In paragraph 1 of the agreement, the subsidiary is required to compute its tax and that of its subsidiaries as if they were not members of the consolidated group. Under paragraph 2, the subsidiary is required to pay the amounts computed under paragraph 1 to the holding company at such time as it would otherwise pay the amounts owed to the IRS.
The bankruptcy court held that the language of the Tax Reimbursement Agreement evidenced the parties' intent to create an obligation in the nature of a receivable. In re Franklin Sav. Corp. , 159 B.R. 9, 29 (Bankr.D.Kan.1993). The agreement provides that the subsidiary is entitled to "reimbursement" by the holding company or "credits" against future amounts to be paid by the subsidiary to the holding company. The bankruptcy court concluded that the subsidiary holds only an unsecured claim to the funds, not ownership of the refunds. Id .
The court agrees that the bankruptcy court's holding is correct. The agreement speaks specifically to the allocation of any tax refunds received by the holding company. Under the terms of the agreement, the taxes were not held in trust for the benefit of the subsidiary to be automatically turned over to it. Certain amounts would be "reimbursed" under certain conditions.
RTC argues that the tax agreements are ambiguous or, in the alternative, that the agreements are invalid and unenforceable. The court is unconvinced that the tax agreements are ambiguous. The agreement addresses the circumstances under which the subsidiary is entitled to reimbursement of tax refunds from the holding company. Lack of the term "ownership" does not create ambiguity.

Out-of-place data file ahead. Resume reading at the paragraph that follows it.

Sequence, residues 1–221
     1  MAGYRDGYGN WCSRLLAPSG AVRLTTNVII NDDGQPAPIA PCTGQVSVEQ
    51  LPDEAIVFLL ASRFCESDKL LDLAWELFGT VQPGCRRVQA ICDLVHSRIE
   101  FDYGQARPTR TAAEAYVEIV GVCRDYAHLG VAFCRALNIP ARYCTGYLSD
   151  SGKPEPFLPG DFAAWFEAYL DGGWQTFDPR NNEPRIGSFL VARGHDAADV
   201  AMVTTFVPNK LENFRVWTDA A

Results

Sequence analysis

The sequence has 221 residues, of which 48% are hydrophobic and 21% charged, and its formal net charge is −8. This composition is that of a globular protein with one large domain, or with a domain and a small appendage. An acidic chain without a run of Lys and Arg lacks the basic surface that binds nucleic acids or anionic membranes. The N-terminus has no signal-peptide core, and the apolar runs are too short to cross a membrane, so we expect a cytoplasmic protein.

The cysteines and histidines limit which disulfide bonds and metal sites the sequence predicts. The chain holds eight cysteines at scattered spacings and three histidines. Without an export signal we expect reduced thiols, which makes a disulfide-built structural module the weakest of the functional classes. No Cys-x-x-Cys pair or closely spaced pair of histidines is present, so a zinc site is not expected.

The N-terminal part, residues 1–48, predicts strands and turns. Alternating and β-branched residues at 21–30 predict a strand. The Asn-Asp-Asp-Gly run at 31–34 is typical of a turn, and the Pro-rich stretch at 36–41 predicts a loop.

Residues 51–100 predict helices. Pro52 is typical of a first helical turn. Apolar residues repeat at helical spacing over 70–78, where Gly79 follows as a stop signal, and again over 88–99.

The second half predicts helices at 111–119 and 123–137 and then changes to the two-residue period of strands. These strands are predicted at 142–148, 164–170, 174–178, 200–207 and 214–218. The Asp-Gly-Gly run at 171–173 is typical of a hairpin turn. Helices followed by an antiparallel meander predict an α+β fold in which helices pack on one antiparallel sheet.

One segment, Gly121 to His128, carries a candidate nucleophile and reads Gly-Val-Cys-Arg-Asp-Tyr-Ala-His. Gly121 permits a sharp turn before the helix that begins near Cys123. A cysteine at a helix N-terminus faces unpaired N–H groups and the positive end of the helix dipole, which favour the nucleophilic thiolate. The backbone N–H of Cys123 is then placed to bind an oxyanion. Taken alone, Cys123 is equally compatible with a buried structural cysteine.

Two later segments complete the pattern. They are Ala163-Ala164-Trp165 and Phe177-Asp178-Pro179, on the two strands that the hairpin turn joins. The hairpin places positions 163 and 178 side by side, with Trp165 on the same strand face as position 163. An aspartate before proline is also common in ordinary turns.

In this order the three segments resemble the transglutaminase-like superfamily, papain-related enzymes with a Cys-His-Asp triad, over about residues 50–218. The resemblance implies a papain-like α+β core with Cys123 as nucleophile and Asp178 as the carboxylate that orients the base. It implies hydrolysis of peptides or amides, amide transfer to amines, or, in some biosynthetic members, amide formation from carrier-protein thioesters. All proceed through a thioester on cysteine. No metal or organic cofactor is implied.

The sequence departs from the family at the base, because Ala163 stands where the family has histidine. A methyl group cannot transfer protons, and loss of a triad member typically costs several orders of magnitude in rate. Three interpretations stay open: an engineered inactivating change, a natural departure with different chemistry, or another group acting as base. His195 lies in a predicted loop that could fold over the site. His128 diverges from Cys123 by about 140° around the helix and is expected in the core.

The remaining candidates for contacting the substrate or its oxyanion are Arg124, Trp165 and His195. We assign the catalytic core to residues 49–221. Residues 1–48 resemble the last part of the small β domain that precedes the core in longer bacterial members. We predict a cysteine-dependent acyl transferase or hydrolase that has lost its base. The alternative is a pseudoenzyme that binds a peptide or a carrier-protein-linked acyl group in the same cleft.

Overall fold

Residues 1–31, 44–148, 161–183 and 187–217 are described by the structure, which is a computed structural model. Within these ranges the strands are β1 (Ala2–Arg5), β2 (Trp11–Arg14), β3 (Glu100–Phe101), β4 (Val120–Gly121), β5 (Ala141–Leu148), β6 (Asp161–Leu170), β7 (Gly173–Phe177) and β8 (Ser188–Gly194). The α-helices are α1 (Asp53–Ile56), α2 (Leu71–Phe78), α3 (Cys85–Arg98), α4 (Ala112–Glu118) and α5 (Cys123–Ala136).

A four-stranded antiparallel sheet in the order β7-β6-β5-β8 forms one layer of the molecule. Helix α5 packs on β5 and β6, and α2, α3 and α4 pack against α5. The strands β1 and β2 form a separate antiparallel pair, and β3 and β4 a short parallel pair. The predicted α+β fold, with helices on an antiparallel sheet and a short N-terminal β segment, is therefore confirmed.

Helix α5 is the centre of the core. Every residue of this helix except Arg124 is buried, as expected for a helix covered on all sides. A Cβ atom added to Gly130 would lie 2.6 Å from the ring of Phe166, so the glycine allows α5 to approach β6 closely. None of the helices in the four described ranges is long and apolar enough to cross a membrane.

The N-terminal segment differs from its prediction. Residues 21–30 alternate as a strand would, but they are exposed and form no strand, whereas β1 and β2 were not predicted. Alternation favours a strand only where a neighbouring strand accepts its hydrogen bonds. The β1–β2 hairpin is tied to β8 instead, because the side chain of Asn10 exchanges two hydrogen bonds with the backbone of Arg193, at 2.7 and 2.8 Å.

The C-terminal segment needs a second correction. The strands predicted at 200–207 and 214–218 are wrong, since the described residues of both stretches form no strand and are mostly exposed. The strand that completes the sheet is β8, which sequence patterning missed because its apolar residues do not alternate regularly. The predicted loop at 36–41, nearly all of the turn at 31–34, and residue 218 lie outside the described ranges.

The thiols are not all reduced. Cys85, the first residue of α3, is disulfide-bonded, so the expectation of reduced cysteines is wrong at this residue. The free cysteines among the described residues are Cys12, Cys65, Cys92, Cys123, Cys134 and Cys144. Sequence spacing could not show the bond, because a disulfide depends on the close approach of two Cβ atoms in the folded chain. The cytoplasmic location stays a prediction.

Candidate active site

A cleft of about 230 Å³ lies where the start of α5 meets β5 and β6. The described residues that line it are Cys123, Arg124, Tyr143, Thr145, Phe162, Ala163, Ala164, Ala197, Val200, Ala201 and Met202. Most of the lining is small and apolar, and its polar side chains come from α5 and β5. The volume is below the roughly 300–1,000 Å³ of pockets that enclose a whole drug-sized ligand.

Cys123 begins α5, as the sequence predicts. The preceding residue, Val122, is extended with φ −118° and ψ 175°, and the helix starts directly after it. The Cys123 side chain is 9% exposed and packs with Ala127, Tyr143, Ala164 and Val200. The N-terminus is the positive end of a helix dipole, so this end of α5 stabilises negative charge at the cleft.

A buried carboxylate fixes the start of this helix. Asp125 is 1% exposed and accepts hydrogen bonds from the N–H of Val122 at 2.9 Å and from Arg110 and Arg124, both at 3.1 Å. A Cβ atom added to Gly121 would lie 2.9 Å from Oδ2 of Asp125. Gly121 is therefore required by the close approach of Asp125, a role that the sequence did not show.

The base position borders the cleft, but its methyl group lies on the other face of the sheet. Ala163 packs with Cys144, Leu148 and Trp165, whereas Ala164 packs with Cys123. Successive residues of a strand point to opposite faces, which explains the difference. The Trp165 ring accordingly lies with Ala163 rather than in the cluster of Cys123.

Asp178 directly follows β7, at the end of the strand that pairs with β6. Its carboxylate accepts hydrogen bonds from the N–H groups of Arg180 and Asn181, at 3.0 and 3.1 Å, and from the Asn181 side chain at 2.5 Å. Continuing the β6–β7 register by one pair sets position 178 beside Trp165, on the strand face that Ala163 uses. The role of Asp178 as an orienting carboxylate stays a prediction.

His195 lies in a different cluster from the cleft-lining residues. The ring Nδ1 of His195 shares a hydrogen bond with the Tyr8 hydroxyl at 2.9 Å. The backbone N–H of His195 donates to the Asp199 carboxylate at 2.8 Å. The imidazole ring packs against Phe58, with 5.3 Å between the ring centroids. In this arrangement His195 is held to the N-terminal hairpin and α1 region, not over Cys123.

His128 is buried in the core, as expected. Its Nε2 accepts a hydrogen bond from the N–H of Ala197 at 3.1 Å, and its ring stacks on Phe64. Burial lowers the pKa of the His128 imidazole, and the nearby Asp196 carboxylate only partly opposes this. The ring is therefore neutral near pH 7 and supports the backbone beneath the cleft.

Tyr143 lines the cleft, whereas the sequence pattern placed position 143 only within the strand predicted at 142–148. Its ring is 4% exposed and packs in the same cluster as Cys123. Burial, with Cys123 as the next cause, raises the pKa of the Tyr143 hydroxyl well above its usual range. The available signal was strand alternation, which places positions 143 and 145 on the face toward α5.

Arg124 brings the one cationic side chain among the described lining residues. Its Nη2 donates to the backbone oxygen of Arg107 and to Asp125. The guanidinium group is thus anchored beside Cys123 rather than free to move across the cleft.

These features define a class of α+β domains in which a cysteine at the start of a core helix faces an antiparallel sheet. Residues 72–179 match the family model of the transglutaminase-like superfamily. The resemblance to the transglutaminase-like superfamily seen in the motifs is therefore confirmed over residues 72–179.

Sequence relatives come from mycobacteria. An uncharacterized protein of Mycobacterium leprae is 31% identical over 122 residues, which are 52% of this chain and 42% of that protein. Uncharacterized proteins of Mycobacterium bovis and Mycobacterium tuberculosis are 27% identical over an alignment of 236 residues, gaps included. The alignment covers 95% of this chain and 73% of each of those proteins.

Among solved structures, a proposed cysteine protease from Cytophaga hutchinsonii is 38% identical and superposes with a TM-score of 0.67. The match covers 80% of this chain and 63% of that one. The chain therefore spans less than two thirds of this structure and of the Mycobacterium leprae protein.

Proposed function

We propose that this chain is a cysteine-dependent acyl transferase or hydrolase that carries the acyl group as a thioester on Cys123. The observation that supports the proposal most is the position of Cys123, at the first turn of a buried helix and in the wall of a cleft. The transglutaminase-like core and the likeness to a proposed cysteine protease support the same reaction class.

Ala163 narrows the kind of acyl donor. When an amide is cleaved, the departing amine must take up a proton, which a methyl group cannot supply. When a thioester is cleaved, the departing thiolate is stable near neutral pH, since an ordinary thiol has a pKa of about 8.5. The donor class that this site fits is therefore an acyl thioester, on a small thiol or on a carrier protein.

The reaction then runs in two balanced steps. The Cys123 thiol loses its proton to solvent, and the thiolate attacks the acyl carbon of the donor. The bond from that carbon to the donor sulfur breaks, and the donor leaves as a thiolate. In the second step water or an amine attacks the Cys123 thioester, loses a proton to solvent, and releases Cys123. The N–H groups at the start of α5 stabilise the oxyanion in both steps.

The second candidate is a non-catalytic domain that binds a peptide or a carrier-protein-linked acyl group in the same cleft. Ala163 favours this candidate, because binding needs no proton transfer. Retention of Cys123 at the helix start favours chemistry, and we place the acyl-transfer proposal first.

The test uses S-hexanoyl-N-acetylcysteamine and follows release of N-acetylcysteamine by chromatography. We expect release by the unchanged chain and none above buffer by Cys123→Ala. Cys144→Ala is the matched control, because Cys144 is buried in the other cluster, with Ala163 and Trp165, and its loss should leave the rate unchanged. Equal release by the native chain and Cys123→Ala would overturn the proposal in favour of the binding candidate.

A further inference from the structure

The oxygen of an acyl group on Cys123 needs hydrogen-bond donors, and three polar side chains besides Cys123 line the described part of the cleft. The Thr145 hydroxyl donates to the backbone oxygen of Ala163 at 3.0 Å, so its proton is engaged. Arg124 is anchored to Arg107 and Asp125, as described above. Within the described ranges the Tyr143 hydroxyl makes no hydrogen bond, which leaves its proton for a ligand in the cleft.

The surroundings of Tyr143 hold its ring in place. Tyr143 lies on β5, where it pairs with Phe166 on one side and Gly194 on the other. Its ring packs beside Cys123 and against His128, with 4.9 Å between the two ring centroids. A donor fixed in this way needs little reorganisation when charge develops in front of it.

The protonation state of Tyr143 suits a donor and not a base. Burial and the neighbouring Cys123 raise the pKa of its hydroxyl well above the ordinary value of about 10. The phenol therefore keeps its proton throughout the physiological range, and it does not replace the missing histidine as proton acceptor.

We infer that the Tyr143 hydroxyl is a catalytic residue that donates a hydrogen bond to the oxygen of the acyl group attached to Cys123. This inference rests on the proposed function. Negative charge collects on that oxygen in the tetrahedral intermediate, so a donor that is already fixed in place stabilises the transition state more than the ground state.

RTC argues that the agreements are invalid and unenforceable because the setoff provision lacks mutuality. RTC asserts that the holding company could conceivably offset monies owed by the subsidiary against tax refunds created by losses of its subsidiaries. The Tax Forgiveness Agreement provides that tax benefits generated by the subsidiary "shall reduce any liability owed" by it to the holding company. The court is unconvinced that the terms of the setoff provision lack mutuality. The provision speaks of "losses and/or excess credits" of the subsidiary, not its subsidiaries. Additionally, RTC does not point to any evidence presented in the trial below that the agreements lacked mutuality. The court concludes that under the tax agreements, the tax refunds are property of the bankruptcy estate under 11 U.S.C. ╖ 541.
B. ═ Breach of Fiduciary Duties and Unconscionable Conduct
RTC argues that even if the tax refunds are property of the bankruptcy estate pursuant to the terms of the tax agreements, the court should impose a constructive trust and award the refunds to it. RTC argues that the holding company's actions regarding the tax agreements and refunds were a breach of its fiduciary duty to the subsidiary and that its conduct was unconscionable.
Whether the holding company's conduct was a breach of fiduciary duties or unconscionable are issues of fact. The bankruptcy court held that "there is no basis in fact for imposing a constructive trust on the tax refunds and the Court finds that [the subsidiary] has no equitable rights in the tax refunds." In re Franklin Sav. Corp. , 159 B.R. at 33. The bankruptcy court found that there was not a breach of fiduciary duty or unconscionable conduct on the part of the holding company.